Introduction stages are probably the most difficult and tense period for anyone in the industry. I have found the experience does mater greatly. Having a solid resume, samples of past work, references. Can all add up to a good first start.
I continually remind myself when discussing a director's project. This is their film, not mine. Park the ego off stage at all times. Being proud of your work is a good thing. But don't let that dissolve into ego once you start the project.
And invariably I get the two big questions up front. #1. How much am I going to charge to do my post audio? And #2. How long is this going to take? Response to #1? I have no idea how much this will cost until I see and hear your film. and to #2? See #1.
More often than not, I will answer the budget question with a question. What budget do you have for post audio and score? Then I can determine immediately if this is a serious project. Or someone fishing for a low-ball bid. Mainly because they didn't budget for post audio. But rather spent all their budget on production.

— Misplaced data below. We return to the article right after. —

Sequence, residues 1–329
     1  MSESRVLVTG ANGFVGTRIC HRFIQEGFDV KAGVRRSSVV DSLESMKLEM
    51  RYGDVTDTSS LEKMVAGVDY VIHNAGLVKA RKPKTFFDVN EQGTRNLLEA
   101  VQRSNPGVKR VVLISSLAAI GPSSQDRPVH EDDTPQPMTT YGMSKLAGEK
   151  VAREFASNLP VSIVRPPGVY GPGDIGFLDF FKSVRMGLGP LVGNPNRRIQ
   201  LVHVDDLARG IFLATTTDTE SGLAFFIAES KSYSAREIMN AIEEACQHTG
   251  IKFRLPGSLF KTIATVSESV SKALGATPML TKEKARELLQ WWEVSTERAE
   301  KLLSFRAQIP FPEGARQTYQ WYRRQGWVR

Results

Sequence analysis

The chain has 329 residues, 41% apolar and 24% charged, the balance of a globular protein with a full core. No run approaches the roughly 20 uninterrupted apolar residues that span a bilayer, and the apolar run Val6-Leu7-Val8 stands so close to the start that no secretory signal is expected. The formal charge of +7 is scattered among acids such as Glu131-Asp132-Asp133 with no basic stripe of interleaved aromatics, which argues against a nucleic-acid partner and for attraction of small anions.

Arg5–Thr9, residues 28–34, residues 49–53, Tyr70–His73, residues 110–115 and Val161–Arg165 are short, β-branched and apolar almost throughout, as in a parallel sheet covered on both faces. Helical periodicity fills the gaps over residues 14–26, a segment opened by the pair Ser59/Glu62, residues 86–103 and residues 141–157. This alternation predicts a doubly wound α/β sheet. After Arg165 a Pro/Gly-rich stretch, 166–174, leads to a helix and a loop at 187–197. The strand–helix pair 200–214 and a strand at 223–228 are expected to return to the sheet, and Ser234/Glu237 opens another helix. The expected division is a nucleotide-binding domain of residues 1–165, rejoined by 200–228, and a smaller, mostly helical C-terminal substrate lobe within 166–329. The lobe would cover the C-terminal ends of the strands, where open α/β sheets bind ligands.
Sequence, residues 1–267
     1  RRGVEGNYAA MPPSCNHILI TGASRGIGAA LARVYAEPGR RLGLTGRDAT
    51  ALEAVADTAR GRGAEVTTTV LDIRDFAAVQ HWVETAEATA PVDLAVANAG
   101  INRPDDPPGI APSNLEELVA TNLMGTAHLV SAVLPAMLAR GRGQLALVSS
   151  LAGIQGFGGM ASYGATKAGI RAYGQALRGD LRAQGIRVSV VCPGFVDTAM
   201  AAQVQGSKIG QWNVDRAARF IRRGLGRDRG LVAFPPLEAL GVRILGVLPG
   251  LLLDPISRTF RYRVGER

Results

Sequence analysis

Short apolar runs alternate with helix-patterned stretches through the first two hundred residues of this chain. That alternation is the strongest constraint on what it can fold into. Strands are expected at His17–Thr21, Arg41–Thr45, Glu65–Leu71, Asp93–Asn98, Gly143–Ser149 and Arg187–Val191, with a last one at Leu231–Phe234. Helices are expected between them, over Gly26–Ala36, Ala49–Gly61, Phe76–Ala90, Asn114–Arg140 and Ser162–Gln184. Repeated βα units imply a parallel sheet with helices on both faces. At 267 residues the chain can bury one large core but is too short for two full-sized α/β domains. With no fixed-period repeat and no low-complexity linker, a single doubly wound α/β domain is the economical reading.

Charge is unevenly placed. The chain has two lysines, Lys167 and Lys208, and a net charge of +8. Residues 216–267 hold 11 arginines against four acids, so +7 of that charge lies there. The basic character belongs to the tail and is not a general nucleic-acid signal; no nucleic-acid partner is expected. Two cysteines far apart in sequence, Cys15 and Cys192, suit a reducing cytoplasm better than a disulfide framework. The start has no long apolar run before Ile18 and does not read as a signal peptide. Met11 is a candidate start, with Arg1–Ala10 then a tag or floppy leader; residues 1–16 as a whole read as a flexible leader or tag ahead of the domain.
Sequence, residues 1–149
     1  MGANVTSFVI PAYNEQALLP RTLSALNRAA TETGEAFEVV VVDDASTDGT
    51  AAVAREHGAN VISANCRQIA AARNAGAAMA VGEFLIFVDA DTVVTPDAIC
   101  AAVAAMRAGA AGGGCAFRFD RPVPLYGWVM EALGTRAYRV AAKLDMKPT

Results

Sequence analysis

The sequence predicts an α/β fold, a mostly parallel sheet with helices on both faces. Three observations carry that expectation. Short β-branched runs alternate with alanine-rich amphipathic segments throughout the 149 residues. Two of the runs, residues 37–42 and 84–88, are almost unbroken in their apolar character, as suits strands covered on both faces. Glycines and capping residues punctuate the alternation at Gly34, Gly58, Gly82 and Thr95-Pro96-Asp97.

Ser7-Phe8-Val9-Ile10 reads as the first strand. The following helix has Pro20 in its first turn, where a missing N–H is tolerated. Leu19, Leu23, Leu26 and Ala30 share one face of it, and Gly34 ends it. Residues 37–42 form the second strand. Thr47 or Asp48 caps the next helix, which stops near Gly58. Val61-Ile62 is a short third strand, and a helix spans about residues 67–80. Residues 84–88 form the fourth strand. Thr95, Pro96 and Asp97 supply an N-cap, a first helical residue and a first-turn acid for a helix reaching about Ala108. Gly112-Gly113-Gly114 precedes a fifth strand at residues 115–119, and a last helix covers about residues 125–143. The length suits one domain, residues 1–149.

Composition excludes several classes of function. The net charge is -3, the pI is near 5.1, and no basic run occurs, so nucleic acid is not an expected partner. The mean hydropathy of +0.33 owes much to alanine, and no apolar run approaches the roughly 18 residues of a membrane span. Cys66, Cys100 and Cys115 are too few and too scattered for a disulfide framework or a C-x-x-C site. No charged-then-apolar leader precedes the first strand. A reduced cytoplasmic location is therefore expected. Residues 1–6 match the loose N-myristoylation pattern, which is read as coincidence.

Too often when I have built a reputation for my work, my time for emerging film makers can be broken down to this: 85% of my time is devoted to education of my workflow and process. 10% of my time is devoted to relaxing tensions between producers, me and the director. and then finally, 5% is the actual work on the project.
A large part of the discussions of the sound with the director is about approach. Initially, my response is, I have no idea what I'll do to make your film sound like a movie. I need to have the director tell me the story of the film, characters, subtext, time period, etc. Not a logline. But in depth discussions on the story. As Hans Zimmer once said, "Story is everything".
The process of post audio is challenging for sure. And absorbing that challenge and making it into an award winning film is the supreme reward. And getting paid for what you're worth.